The Angry Professor: Why bureaucracy hurts us all

By Prof. Kevin Morley, former CEO of Rover Group and founding member of Alchemy Partners

A recent PriceWaterhouseCoopers survey posed the following question: do you plan to start your own business in the next five years. In the US, more than 50% said yes. In Europe, fewer than 5% answered positively.

America has an enterprise culture. Europe and the UK do not. In this country bureaucracy thrives and the pervading attitude says success isn’t really worth pursuing; failure is seen as worse than death. The entire UK set-up is aligned to help bureaucrats, not business people. And experience tells me that bureaucracy kills entrepreneurialism by creating red tape and stifling creativity.

Here are four facts that reveal how good our system is for bureaucrats and how bad it is for business…

1) The M40 and M11

Want to know how much power civil servants have traditionally exerted in Britain? Just look at the M40 and M11 motorways. The M40 only reached Oxford for many years and the M11 ends at Cambridge. Why? Because civil servants wanted to be able to get to their university dinners quickly. I kid you not.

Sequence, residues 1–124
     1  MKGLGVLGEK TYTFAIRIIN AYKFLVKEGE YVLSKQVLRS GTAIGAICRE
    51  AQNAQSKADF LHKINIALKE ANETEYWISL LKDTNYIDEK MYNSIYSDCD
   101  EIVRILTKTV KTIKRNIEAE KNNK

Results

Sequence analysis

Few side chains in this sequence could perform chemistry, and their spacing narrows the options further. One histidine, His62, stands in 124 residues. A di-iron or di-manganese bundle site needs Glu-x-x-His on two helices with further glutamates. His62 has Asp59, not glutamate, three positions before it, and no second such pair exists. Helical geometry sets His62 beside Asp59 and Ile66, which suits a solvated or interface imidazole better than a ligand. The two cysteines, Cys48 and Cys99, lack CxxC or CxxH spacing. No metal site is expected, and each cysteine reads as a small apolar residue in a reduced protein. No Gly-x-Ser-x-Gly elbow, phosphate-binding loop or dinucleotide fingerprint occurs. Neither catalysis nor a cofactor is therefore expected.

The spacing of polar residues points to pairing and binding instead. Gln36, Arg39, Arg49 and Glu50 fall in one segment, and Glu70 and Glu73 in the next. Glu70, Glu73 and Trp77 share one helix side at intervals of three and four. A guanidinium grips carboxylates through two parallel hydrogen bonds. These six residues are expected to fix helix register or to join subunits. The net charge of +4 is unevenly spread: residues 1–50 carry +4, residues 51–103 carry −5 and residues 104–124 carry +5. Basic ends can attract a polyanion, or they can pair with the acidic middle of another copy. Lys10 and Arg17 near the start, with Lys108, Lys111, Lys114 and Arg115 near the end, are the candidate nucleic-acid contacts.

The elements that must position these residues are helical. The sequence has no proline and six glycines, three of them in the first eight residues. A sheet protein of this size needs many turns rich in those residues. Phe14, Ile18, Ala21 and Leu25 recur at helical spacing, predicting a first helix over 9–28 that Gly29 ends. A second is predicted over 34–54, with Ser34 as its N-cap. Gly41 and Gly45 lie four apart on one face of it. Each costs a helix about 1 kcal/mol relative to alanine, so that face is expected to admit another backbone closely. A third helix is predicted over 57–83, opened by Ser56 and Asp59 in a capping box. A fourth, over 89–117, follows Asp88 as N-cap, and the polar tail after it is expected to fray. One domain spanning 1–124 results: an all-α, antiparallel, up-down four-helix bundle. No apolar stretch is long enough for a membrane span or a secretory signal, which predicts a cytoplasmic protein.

2) Our military procurement department

Here’s another interesting fact: Israel’s military procurement department – usually quite busy – comprises 200 people. The UK equivalent employs 108,000 and so they spend most of the day saluting each other.

3) The bureaucratic vicious circle

One of bureaucracy’s main aims is to create more bureaucracy – that’s what keeps the bureaucrats in work. The trouble is, bureaucracy stifles entreprenerialism like nothing else. The politicians always promise to exert more control over civil servants and quangos but never do.

4) Capital Gains Tax

This is another big issue. ‘Entrepreneur’s Relief’ from Capital Gains Tax currently carries a maximum lifetime allowance of £10m. Then we ask ourselves why so many UK companies are sold before they become really big players.

For business to really thrive, enterprise culture must exist in government too. Currently it doesn’t. To help business, politicians and bureaucrats just need to get out the way. Business doesn’t need over-regulating. But the country sure as hell needs entrepreneurs and business professionals. If everyone became a bureaucrat, and the PWC survey suggests most lean that way, then the system will fall apart.


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